Alaska News

Federal disaster designation declared for Alaska pink salmon fisheries

After a pitiful return of pink salmon to much of Alaska last summer, a federal disaster declaration was officially announced Wednesday.

U.S. Secretary of Commerce Penny Pritzker announced the declaration as one of one of nine determined for West Coast fisheries this year.

Federal disaster declarations don't come with a guarantee of funds. Congress must now appropriate funds for disaster relief to affected communities.

Gov. Bill Walker requested a declaration for the fishery in September. In his letter to Pritzker, Walker cited the abysmal harvest of pink salmon in Prince William Sound, Kodiak, Chignik and lower Cook Inlet management areas. A second version of the letter was sent in October, adding Southeast to the list.

[Alaska Gov. Walker appeals for a pink salmon disaster declaration]

According to the letter, harvest opportunities were significantly reduced as a result of poor returns. In Kodiak, much of the area remained closed for 70 percent of the season.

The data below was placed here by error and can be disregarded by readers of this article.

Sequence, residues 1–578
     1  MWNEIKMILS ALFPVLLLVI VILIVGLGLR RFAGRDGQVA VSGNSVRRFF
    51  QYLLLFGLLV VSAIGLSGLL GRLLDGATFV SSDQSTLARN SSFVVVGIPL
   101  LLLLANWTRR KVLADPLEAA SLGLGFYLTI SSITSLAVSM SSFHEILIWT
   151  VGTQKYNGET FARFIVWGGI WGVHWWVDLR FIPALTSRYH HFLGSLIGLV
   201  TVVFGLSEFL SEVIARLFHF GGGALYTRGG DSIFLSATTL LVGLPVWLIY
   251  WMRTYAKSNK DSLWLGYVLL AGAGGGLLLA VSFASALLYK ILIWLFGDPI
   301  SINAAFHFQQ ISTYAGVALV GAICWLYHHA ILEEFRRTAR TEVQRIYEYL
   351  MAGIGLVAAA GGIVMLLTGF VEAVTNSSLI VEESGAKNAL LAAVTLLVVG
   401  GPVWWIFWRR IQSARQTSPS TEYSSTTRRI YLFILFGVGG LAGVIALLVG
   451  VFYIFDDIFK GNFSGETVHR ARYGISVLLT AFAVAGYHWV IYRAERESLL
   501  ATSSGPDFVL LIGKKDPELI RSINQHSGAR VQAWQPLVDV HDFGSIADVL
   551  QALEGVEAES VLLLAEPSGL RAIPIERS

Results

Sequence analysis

Only 3.2 million fish were harvested in the Kodiak management area, approximately 20 percent of the average catch over the last five years.


Just 12.1 million pinks were harvested in the Sound, far below the five-year average of 39 million fish.

Walker's letter also tallied 97,000 pinks for the lower Inlet, 13 percent of the fish forecast to return. The region's 2016 catch was valued at $78,000, far below the five-year average value of $501,000.

"The impacts of low pink salmon runs are being felt across the Gulf of Alaska," Walker said in an emailed statement regarding the disaster declaration.

"In addition to commercial fisherman and fish processors, those who sell fuel, tackle, supplies, groceries and lodging are also struggling," he said in the statement. "Local governments will also feel the burden on their economic base. We are pleased with this news from the U.S. Department of Commerce and we will work with the federal government going forward to address this issue."

Suzanna Caldwell

Suzanna Caldwell is a former reporter for Alaska Dispatch News and Alaska Dispatch. She left the ADN in 2017.